ABIM Opposes Changes to the J-1 Visa Process that would threaten Physician Education and Patient Care

ABIM Opposes Changes to the J-1 Visa Process that would threaten Physician Education and Patient Care

Below is a letter from ABIM leaders, Richard Baron, MD, President and CEO, and Furman McDonald, MD, Senior Vice President for Academic and Medical Affairs, to the Acting Secretary of Homeland Security Chad F. Wolf regarding proposed changes for J-1 Visa holders. We believe that this change could have a negative impact on physician education and patient care during a critical time in the U.S. as we continue to battle the COVID-19 pandemic.

We encourage you or your organizations to submit commentary here.


 

October 23, 2020

The Honorable Chad F. Wolf
Acting Secretary of Homeland Security
Washington, DC 20528

Re: Docket Number: ICEB-2019-0006

Dear Mr. Wolf,

On behalf of the American Board of Internal Medicine (ABIM), a physician-led, non-profit, independent evaluation organization accountable to both the profession of medicine and to the public– and the largest member board of the American Board of Medical Specialties (ABMS), certifying approximately one out of every four physicians in the United States– we write to oppose in the strongest possible terms the U.S. Immigration and Customs Enforcement’s (ICE) proposed change to the process for extending the period of authorized stay for certain nonimmigrant visa classifications by eliminating “duration of status” as an authorized period of stay for J-1 Visa holders, especially physicians holding J-1 visas.

First and foremost, this change will have considerable negative consequences on the training of these J-1 physicians, the organizations in which they train, and most importantly and most devastatingly, on the patients they serve. Specifically:

  • Resident and fellow physicians training in Internal Medicine and its subspecialties are providing care to patients in desperate need of care because of the ongoing COVID-19 pandemic. As many areas of our country experience a resurgence of cases, now is the not the time to reduce our nation’s ability to respond to the pandemic and further stress an already overburdened health care system by disrupting the service of these front line doctors.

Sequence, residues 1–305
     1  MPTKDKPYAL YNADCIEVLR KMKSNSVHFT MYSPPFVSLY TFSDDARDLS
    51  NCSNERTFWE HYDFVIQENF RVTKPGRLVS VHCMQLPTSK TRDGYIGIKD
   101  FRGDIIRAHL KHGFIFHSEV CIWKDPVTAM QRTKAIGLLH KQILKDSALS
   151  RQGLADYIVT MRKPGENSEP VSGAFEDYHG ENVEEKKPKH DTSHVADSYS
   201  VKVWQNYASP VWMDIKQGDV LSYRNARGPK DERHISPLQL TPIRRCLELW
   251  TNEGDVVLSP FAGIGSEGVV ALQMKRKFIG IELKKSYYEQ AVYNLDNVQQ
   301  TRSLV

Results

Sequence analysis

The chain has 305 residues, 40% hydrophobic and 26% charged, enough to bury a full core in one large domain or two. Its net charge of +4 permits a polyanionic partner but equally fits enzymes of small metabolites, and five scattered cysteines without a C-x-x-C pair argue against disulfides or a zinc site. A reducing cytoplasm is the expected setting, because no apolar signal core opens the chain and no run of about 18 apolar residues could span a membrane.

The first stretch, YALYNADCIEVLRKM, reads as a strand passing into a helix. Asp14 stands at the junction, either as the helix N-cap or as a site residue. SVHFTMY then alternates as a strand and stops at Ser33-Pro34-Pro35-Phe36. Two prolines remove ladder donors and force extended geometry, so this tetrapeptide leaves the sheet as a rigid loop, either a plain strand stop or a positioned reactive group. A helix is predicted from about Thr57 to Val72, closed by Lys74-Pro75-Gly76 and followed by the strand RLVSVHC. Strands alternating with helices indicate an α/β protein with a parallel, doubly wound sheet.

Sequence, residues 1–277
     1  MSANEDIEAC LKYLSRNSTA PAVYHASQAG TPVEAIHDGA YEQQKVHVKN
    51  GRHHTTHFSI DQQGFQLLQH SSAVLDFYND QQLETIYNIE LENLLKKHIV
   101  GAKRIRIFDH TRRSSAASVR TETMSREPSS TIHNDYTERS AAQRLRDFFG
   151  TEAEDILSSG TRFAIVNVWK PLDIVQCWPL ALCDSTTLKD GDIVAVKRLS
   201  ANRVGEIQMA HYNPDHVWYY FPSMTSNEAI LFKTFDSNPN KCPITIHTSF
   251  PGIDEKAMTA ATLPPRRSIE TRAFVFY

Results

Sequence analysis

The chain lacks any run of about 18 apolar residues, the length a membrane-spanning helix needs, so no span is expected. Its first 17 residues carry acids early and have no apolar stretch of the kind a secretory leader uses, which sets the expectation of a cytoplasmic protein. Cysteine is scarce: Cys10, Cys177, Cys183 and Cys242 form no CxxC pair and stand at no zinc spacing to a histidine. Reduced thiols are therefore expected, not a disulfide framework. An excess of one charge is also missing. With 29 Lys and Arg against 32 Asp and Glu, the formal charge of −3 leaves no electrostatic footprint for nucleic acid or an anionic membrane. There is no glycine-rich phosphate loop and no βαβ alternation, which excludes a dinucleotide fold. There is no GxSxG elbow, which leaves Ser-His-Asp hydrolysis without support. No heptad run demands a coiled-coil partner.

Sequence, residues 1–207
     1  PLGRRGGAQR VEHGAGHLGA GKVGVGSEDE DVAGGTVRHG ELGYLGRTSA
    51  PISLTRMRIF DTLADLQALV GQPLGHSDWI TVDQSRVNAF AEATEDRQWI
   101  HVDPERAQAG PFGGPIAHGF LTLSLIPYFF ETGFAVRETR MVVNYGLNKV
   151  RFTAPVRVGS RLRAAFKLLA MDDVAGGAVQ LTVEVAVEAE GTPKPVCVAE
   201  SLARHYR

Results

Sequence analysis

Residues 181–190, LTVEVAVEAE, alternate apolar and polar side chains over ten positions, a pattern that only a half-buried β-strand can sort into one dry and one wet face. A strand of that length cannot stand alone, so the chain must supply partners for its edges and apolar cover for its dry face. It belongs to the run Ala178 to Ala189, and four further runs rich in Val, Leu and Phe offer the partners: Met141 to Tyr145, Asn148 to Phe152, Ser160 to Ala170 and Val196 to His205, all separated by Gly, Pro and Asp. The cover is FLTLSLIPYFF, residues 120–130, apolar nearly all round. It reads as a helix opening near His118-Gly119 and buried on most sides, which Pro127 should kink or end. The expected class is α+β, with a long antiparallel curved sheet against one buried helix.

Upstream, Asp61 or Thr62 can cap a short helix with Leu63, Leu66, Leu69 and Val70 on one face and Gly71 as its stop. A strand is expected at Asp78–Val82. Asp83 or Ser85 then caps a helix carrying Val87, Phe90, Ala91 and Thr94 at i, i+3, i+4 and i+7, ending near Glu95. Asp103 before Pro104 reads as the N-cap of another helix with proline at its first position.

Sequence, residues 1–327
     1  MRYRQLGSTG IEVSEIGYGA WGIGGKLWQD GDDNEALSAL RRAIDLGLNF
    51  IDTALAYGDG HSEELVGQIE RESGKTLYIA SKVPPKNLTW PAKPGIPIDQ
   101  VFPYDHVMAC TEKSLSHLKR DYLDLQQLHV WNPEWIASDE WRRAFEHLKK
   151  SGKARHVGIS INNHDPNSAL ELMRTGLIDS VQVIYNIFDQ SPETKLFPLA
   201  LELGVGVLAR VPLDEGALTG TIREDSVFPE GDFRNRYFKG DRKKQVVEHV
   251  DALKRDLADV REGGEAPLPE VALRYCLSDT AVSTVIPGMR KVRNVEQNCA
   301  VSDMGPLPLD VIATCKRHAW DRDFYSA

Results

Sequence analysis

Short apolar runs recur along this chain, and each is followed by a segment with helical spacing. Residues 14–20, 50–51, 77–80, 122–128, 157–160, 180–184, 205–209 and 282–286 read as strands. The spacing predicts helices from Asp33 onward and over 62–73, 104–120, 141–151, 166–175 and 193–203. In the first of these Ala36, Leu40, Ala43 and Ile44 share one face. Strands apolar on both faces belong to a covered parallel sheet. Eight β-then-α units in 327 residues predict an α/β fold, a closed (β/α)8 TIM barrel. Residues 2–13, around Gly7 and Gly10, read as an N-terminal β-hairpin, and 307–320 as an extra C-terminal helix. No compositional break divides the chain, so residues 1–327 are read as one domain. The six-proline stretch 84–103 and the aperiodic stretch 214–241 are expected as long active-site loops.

• There are more than 12,000 J-1 physicians participating in graduate medical education (GME) in the United States. Many Internal Medicine residencies and subspecialty fellowships, including many in medically underserved areas and in medical safety net hospitals, are filled completely by international medical graduates (IMGs) on J-1 visas. Patients in these communities rely on these physicians in training to receive the excellent care they deserve. Without these IMGs their quality of life will erode and lives will surely be lost.
  • Training programs are carefully scheduled, consecutive, and progressive. Removing even one trainee from a training rotation has significant “domino” effects on other members of the training programs as important learning experiences are canceled and rescheduled to try to preserve care on critical hospital services. Annual disruption of J-1 physicians’ training and service, with delays of unpredictable durations, will cause increasingly dangerous and unnecessary transfers of care for some of our nation’s most vulnerable patients.
  • Attainment of competency through the supervised practice of medicine takes time. Internal Medicine residency training requires a minimum of three years of training. Internal Medicine subspecialty fellowships range from one to three years, depending on the discipline. Delays in training of J-1 physicians will delay their attainment of competency, delay their progression through the training pipeline, and delay the time to become certified physicians in Internal Medicine, thus limiting the numbers of competent physicians entering the US workforce at a time the health care system is under unprecedented strain.

Finally, this change is unnecessary, because J-1 physicians are already a tightly monitored cohort. For nearly 50 years, the Educational Commission for Foreign Medical Graduates/Foundation for Advancement of International Medical Education and Research (ECFMG®|FAIMER®) has been designated by the U.S. Department of State (DOS) as the sole J-1 visa sponsor for foreign national physicians in U.S. graduate medical education (GME). In this role, ECFMG®|FAIMER® already conducts a rigorous annual review for each physician that assures DOS that these physicians are compliant with J-1 visa requirements and progressing through their training programs as planned. The proposed change will not yield new or better information about this carefully monitored cohort.

This rule change will not achieve its intended aim, is unnecessary for the already closely monitored J-1 physician cohort, and will significantly and adversely affect the training of physicians, the patients they serve, and the health of our nation. For these compelling reasons, we respectfully urge you to exclude foreign national physicians in the DOS’ Exchange Visitor Program in J-1 visa status from this rule change.

Sincerely,


Furman S. McDonald, MD MPH

Senior Vice President for Academic and Medical Affairs
Professor of Medicine


Richard J. Baron, MD, MACP

President and CEO

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